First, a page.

Re: Water injection ?

From:         simonlc@ozemail.com.au (Simon Craig)
Organization: OzEmail Pty Ltd - Australia
Date:         31 Oct 95 00:31:29 
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> We were discussing about how water as material itself could increase
> the quantity of boost generated by the engines in first place, and thus
> increasing the overall power. Any possibility this theory could make
> it ?
>
> Thanks for listening!
>
> Gernot
>
> gernot@idefix.vmars.tuwien.ac.at

Water was used in the past to basically increase the mass flow through the
engine.  In places of high ambient temperature (the tropics, etc) engine
power is significantly decreased due to temperature, and so water
injection was used to boost jet engine power back up to or above what it
would be in a colder climate.  The 707 and the 747 with earlier JT9s used
water injection quite frequently, but as engines became more powerful,
water injection was no longer necessary.

Water was sprayed (in the case of the JT9) though the fuel manifold (a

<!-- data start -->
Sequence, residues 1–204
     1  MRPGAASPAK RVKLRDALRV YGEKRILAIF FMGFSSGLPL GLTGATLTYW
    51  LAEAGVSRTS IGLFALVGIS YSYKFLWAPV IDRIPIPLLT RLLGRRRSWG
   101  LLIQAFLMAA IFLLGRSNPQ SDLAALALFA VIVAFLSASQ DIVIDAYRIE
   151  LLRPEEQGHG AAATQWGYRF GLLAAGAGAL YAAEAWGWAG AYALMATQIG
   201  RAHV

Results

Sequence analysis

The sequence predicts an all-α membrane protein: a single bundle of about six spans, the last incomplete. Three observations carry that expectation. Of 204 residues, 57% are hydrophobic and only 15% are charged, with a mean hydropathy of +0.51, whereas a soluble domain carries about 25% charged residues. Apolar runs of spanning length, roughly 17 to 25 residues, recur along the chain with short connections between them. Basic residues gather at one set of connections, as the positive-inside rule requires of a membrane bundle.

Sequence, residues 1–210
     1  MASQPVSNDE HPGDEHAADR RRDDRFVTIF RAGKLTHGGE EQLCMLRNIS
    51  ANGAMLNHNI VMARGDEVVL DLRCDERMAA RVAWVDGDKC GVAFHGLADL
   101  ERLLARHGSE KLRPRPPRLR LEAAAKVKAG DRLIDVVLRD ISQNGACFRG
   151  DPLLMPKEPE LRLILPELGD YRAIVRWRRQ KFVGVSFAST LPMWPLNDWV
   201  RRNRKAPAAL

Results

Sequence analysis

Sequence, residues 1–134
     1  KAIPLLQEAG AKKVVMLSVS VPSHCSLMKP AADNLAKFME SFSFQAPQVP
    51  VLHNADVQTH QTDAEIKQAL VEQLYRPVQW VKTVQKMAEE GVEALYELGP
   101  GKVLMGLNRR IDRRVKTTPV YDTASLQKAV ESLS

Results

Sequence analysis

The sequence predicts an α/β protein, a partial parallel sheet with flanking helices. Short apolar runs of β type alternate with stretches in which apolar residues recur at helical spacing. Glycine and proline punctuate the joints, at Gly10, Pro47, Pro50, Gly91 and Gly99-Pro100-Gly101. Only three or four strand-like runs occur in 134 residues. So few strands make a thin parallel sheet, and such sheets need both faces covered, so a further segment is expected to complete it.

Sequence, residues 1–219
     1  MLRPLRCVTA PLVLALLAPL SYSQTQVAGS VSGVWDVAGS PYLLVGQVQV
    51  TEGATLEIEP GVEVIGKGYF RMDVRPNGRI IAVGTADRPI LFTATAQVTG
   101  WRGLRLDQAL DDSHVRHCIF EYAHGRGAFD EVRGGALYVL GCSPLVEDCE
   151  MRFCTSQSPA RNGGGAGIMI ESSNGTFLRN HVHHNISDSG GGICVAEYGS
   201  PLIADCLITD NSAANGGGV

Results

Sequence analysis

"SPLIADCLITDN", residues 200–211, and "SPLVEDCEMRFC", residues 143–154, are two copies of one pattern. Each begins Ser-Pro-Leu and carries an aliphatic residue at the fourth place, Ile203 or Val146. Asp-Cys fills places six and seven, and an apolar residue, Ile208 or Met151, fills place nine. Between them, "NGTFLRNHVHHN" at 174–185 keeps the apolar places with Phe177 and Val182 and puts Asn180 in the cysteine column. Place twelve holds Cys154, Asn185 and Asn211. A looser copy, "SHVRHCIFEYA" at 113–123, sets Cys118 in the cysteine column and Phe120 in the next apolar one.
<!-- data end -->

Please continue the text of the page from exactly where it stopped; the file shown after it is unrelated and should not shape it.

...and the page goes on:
seperate pipe to the fuel though!) so as to increase the mass of flow
through the turbine, thus a pressure and temperature drop across the
turbine is reduced, increasing the jet pipe pressure, and thrust output.
Also, the water drops the turbine inlet temperature, meaning more fuel can
be scheduled without exceeding the metal specifications of the turbine
(melting...).  More fuel means more rpm, and the fast the engine spins,
again the more thrust is produced.  It worked quite well, however, the
tanks that held the demineralised water, and the pumps, which were very
high flow, added up to a significant amount of weight.  So, there were
disadvantages also.

Simon.

simonlc@ozemail.com.au